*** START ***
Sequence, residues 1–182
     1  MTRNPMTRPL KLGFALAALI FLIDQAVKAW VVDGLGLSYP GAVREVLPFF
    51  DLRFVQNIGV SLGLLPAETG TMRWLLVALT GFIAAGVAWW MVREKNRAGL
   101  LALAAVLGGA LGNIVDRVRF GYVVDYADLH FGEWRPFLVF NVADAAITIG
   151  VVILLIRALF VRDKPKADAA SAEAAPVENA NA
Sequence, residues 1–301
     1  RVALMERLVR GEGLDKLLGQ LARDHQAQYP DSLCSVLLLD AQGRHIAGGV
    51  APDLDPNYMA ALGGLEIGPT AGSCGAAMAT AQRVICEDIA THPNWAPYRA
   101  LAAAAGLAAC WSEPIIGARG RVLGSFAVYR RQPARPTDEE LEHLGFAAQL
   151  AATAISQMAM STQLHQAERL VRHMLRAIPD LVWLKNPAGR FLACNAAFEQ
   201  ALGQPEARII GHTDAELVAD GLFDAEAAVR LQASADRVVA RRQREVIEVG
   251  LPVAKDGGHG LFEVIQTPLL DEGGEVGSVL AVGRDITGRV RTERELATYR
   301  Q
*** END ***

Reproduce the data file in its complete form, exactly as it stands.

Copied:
Sequence, residues 1–182
     1  MTRNPMTRPL KLGFALAALI FLIDQAVKAW VVDGLGLSYP GAVREVLPFF
    51  DLRFVQNIGV SLGLLPAETG TMRWLLVALT GFIAAGVAWW MVREKNRAGL
   101  LALAAVLGGA LGNIVDRVRF GYVVDYADLH FGEWRPFLVF NVADAAITIG
   151  VVILLIRALF VRDKPKADAA SAEAAPVENA NA
Sequence, residues 1–301
     1  RVALMERLVR GEGLDKLLGQ LARDHQAQYP DSLCSVLLLD AQGRHIAGGV
    51  APDLDPNYMA ALGGLEIGPT AGSCGAAMAT AQRVICEDIA THPNWAPYRA
   101  LAAAAGLAAC WSEPIIGARG RVLGSFAVYR RQPARPTDEE LEHLGFAAQL
   151  AATAISQMAM STQLHQAERL VRHMLRAIPD LVWLKNPAGR FLACNAAFEQ
   201  ALGQPEARII GHTDAELVAD GLFDAEAAVR LQASADRVVA RRQREVIEVG
   251  LPVAKDGGHG LFEVIQTPLL DEGGEVGSVL AVGRDITGRV RTERELATYR
   301  Q